Prom books and dance books are a great add on to a prom portrait package.
Intro by Skip Cohen
Finding this post in Sarah Petty’s archives got me thinking about so many of my own experiences and special memories. We just had good friends, Bobbi Lane and Lee Varis visiting recently and there’s now a framed print of the four of us on the wall in a very special “friends” corner of the house. I can’t help but start laughing when I look at the shot because it takes me back to one of our evenings together.
Well, Sarah raises a terrific point and idea for all of you as photographic artists. What is there you could use to make your relationship with clients more tangible?
Let’s assume every portrait session is an experience when a client is working you – you’re fun, you keep it light, there are lots of laughs – well, with so many novelty items in photography these days what’s out there that would be a kick for you to share? What is there that a consumer would appreciate that would help lock in the memories from their experience working with you?
Remember, your target audience is primarily Mom in the portrait/social categories of professional photography. From doing something special with a photograph of the kids, bride and groom etc. to great packaging, find an item to help you maintain top-of-mind awareness long after the prints are delivered.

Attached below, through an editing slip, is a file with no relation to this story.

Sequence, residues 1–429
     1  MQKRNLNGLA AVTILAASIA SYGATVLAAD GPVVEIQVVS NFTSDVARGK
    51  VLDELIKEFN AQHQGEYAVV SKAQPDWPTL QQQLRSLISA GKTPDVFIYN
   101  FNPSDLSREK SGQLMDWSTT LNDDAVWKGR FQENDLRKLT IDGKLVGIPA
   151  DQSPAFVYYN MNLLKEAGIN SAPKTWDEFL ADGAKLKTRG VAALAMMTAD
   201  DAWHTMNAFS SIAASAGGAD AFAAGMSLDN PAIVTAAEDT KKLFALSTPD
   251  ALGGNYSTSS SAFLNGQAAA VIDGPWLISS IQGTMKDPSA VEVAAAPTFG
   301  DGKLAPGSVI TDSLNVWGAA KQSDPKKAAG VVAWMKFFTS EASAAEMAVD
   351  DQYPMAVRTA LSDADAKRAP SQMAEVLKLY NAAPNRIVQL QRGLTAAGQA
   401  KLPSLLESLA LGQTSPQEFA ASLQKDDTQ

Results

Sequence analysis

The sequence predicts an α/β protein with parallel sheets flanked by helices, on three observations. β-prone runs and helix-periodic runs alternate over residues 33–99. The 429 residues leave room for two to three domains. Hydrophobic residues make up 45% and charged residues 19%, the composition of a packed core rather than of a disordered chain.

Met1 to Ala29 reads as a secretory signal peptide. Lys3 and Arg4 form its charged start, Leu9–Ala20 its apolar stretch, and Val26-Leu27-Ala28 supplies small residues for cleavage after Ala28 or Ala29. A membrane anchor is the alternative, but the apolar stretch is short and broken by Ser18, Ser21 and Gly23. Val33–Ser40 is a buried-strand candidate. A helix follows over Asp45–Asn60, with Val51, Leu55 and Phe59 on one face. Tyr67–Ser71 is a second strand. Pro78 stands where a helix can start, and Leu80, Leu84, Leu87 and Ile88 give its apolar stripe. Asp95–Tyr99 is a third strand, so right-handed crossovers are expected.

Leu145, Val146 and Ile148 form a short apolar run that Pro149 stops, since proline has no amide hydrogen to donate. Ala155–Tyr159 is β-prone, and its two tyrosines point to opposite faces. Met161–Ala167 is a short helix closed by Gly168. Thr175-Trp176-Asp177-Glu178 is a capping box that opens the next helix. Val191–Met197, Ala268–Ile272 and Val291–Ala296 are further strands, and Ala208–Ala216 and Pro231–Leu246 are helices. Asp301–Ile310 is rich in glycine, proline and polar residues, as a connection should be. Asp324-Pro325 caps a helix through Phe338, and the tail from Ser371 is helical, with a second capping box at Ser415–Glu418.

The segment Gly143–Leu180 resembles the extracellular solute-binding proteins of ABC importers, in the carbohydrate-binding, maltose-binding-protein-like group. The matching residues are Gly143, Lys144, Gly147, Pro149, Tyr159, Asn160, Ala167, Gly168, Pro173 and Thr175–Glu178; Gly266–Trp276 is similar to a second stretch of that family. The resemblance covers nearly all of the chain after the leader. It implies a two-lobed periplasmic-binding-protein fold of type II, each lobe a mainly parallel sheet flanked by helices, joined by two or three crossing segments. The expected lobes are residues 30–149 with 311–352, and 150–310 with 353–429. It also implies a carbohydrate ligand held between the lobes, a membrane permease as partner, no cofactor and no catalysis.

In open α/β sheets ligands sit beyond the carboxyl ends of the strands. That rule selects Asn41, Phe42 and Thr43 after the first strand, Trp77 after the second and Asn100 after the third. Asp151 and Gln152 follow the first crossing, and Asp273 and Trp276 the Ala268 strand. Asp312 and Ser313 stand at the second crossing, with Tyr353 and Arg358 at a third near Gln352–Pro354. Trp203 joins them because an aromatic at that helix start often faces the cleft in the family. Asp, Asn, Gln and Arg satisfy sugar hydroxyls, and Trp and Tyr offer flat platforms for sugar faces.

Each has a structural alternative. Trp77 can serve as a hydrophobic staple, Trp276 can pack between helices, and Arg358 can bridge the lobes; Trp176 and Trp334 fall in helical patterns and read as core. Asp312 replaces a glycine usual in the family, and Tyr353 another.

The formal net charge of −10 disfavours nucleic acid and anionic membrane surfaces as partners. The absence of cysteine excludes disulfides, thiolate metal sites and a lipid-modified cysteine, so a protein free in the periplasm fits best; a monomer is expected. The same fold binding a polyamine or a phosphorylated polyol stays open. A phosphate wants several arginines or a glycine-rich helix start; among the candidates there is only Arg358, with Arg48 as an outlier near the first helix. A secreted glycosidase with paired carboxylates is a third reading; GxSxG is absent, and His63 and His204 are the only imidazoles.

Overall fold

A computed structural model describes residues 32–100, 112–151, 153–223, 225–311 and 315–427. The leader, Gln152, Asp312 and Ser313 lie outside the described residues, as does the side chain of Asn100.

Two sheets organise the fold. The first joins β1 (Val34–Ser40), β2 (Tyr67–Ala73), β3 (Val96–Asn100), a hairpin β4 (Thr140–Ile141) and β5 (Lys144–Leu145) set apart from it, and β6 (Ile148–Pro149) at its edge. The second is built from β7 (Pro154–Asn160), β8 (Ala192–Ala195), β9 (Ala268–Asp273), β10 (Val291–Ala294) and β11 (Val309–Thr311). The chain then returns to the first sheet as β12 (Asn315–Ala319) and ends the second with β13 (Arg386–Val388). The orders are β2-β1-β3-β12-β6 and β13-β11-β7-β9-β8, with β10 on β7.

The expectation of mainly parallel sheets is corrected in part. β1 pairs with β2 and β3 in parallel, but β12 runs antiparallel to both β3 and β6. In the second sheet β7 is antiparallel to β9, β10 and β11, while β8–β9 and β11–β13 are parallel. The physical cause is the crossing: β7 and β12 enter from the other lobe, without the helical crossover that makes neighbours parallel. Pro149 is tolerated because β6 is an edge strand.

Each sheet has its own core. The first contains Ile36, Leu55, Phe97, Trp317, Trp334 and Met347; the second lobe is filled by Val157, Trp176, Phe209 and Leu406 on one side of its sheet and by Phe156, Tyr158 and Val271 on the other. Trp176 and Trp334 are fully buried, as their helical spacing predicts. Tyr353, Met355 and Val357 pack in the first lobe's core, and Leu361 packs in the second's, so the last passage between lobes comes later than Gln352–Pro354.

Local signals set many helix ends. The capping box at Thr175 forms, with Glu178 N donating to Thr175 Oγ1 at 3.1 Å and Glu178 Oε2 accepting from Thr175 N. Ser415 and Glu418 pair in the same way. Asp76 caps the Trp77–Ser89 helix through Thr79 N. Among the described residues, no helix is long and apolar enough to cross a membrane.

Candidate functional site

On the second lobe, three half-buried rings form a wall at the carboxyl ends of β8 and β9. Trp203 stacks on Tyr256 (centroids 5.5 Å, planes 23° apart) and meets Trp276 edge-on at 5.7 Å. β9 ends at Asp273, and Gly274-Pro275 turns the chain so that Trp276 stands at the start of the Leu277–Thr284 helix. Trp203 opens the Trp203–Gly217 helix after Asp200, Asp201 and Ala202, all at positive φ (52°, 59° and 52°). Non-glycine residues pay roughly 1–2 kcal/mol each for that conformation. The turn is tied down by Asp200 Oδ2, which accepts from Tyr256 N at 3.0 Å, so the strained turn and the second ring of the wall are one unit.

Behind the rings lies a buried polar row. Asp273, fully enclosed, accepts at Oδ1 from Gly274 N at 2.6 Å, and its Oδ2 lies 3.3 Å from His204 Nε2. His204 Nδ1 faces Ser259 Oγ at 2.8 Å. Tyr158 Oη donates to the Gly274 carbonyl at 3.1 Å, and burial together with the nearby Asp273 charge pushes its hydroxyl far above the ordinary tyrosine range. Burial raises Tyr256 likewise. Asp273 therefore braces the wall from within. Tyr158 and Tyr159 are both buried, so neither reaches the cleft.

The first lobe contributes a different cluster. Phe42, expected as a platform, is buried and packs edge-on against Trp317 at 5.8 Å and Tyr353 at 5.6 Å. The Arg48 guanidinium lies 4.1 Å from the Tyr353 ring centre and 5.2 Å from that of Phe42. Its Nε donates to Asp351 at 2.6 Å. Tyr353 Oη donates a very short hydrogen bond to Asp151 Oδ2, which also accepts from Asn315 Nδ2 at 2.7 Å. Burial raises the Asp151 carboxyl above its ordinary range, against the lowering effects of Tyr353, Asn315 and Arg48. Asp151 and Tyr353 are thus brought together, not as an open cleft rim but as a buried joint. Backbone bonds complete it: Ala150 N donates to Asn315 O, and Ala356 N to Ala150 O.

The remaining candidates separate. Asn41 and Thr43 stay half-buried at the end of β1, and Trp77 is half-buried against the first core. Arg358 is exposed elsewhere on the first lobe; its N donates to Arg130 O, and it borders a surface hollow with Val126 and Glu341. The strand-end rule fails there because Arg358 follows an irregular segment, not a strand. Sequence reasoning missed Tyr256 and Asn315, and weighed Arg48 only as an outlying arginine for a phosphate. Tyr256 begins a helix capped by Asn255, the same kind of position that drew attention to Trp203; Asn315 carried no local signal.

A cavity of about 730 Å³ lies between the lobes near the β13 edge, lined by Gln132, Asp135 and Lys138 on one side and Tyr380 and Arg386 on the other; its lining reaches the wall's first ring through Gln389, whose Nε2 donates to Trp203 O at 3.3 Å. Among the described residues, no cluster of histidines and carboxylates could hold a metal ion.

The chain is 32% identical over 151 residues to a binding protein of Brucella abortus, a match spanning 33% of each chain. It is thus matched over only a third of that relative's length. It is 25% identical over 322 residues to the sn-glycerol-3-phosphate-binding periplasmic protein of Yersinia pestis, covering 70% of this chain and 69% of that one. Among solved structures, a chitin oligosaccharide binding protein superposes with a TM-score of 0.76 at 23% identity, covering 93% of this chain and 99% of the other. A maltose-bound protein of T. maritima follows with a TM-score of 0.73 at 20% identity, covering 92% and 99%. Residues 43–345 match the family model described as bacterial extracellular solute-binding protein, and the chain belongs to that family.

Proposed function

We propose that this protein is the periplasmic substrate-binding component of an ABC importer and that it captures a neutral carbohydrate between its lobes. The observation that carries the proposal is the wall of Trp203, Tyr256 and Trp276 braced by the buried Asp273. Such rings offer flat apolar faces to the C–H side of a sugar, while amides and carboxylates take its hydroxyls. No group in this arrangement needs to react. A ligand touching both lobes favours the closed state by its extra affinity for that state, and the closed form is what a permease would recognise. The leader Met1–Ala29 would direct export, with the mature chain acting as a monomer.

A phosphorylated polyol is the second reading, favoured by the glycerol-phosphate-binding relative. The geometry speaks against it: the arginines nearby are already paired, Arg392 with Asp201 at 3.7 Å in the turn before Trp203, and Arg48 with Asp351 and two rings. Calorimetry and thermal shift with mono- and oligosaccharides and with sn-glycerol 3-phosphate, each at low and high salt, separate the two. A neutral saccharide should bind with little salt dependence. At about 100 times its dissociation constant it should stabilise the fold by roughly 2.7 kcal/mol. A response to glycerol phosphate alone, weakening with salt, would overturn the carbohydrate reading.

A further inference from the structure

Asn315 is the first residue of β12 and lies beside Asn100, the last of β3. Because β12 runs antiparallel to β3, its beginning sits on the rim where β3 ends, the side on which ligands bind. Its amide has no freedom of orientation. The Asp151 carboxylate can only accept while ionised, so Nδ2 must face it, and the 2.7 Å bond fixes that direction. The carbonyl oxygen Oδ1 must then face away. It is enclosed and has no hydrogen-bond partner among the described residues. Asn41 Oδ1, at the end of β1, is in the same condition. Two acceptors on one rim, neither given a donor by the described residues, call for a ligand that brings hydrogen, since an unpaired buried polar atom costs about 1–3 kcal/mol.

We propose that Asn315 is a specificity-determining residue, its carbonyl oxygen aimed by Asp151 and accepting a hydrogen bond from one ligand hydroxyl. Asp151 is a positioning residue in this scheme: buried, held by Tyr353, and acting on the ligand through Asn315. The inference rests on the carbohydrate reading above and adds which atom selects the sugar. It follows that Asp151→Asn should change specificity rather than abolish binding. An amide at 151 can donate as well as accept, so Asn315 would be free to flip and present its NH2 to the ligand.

Before school this morning, my daughter asked me to put a pink bow in her ponytail. When she handed it to me, it brought back so many memories of this past fall when we went to Chicago to the American Girl Store. As a special treat, we packed up the kids and made a special day of it, shopping, lunch and ear piercing (for the dolls).
When we sat down in the pink restaurant with every detail perfect on the candy striped table, the server told us that the napkin rings were ponytail holders for the girls to KEEP! Oh my gosh. Talk about two excited little girls and an example of fantastic marketing ideas! So we took them off all of the napkins on the table, stuck them in my purse and forgot about them (somehow they must have made it to the hair accessory drawer).
So now, here we are months later, the rather expensive lunch meal and shopping have been paid for, the memories have faded but there is a lingering memory of our time together in Chicago that won’t be forgotten all because of this ponytail holder.
As I brushed through her snarly hair, all of the fun from that weekend came rushing back. Dinner with friends at the Rain Forest Cafe, shopping at the H&M kid’s department carrying all of our heavy shopping bags down Michigan Avenue and swimming in the glass-walled pool on the 26th floor of the hotel overlooking Chicago. All of this joy was stirred back up because of a silly little ponytail holder. Wow.
If you are in a service industry, what can you do to make those memories last and make that experience tangible? As photographers, what can you do to make the actual session more than just an experience?